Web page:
I will go into more details on how to address these three questions in the next chapters.


“ Projects will succeed or fail primarily based on the actions of people who care enough to defend or oppose them. ”
As any skilled marketing professional will tell you, you must know your target audience’s NEEDS, FEARS, HOPES AND ASPIRATIONS before you attempt to “sell” them your product (yes “sell”). Knowing these details about your stakeholder group is IMPERATIVE in designing a program that will be embraced wholeheartedly by all!

Although the following link is to an article talking about software design, its principals of addressing the needs of stakeholders in order to succeed is exactly what must be applied when designing your garden program: In all my years of helping schools develop internal structure that facilitates over-all institutional success, the idea of bringing together all stakeholders around a central objective is THE most important element. Here’s an excerpt from this article that beautifully explains the importance of stakeholder analysis:

“One of the goals of stakeholder analysis is to anticipate reactions to the project, and build into one’s plans the actions that will help win support for the project. User experience projects have often had a difficult time winning support from management and development teams. This issue often arises later in the project cycle, by which point stakeholders already have had a chance to stake out their positions.

Our experience is that conducting stakeholder analysis early in the project gives us a chance to anticipate potential objections and take care of them upfront. Stakeholders, when shown the results of a project, are not surprised, and recognize their own input into the project. This personal investment makes them more likely to accept the results.”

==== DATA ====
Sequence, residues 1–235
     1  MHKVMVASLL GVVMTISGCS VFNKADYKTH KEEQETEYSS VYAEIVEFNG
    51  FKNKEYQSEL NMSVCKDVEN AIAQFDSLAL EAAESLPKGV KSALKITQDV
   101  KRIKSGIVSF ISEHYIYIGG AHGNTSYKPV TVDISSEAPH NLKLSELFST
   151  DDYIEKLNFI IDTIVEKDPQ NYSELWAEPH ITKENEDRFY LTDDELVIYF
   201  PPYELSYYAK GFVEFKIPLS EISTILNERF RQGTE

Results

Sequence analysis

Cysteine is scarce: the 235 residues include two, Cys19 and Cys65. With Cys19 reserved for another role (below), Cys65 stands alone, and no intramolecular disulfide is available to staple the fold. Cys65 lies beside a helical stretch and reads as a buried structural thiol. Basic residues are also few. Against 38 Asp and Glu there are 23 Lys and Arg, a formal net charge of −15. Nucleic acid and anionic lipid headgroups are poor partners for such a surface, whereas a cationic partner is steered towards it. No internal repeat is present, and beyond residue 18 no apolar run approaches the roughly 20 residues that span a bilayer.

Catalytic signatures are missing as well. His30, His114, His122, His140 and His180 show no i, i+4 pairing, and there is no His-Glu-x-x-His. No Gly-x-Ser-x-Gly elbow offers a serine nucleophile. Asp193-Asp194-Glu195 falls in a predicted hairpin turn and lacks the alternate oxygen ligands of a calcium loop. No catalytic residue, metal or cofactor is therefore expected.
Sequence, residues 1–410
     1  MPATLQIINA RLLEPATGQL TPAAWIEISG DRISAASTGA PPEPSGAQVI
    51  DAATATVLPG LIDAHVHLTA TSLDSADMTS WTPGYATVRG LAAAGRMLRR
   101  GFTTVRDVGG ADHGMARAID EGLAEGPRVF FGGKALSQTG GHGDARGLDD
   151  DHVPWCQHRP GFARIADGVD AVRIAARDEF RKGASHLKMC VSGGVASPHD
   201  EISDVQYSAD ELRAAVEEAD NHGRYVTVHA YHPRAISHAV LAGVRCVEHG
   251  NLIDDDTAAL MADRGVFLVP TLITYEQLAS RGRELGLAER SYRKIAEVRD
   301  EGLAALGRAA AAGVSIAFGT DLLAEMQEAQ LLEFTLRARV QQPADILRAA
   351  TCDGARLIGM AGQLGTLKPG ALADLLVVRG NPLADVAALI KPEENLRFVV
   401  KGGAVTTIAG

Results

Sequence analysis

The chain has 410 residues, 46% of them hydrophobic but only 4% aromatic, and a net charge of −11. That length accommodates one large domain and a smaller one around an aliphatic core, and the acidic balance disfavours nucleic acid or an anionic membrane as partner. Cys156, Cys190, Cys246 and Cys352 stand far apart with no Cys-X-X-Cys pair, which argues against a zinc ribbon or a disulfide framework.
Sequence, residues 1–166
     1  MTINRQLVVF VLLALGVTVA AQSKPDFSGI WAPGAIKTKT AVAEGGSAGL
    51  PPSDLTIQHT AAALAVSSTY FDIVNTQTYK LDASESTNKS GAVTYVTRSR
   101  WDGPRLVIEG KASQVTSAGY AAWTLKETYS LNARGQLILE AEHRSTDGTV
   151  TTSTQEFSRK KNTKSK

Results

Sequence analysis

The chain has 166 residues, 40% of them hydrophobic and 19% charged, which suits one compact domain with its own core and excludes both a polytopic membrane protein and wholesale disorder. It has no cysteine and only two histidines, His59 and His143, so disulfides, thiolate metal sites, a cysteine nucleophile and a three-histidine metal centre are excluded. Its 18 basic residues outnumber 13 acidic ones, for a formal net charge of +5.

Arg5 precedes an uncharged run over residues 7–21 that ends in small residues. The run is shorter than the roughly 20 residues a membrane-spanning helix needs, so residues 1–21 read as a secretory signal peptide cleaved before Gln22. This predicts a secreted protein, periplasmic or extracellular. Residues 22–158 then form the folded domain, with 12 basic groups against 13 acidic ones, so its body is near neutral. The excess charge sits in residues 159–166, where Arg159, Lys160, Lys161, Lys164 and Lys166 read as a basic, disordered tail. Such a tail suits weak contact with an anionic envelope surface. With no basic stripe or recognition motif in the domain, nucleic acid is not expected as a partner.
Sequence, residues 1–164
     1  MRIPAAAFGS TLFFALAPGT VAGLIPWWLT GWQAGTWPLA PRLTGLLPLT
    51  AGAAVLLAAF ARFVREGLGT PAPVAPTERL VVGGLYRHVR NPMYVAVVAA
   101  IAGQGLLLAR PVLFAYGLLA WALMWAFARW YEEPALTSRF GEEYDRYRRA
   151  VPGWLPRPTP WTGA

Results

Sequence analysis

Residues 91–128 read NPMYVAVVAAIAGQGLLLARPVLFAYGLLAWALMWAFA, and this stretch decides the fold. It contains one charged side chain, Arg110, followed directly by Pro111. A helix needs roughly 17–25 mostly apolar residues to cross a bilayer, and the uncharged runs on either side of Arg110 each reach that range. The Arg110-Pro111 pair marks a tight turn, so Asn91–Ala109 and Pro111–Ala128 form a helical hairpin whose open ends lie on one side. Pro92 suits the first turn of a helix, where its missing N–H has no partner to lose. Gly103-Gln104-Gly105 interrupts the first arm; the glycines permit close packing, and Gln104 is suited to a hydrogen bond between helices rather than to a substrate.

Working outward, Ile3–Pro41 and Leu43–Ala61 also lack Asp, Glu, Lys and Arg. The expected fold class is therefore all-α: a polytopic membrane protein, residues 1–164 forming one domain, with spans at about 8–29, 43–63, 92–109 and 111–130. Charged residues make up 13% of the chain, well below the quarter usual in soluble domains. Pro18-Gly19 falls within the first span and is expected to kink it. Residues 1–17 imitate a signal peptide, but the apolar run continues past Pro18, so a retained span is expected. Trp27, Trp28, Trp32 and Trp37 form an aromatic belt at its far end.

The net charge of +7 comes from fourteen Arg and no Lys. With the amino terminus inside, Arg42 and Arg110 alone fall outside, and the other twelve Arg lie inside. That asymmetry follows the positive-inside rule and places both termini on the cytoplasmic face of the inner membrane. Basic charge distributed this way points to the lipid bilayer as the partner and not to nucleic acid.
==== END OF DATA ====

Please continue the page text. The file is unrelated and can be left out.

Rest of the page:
Ok, now you know the “WHY” of stakeholder analysis….here are suggestions on the “HOW” of it:

1. You’ve been called to the Principal’s Office!
Meet with the Principal. Though you won’t have the fully articulated curriculum design, come prepared with an outline and program options that address Questions Two and Three (above). Leading with the question “What do you want to get out of this program?” is exactly how you start the dialogue. Make it clear that you intend to design the program with input from administration and staff to ensure that the program meets the academic needs of the school. Get the Principal’s guidance on how best to approach the teaching staff.

2. Go to the Head of the Class!
Meet with the teachers. How you do this depends on the recommendations of the Principal. You might be able to make a presentation at the weekly staff meeting and follow up by meeting with the grade level chairs individually. As you did with the Principal, after explaining the program broadly, leading with the question “What do you want to get out of this program?” is exactly how you start the dialogue. These meetings will be the first step toward designing your standards-based lessons.

3. Meet the Parents!
Meet with the parent leadership of all parent groups on campus (PTA, Booster, etc) to explain the preliminary plan, your support from the administration and teaching staff. Though you won’t have a definitive budget yet, be prepared to talk about ideas you have about fundraisers and potential grant sources to support the program. You may make presentations at the general meetings, speak at the volunteer recruitment meetings, etc.

These are the essential steps in getting started. Follow these steps and you’ll be well on your way to success!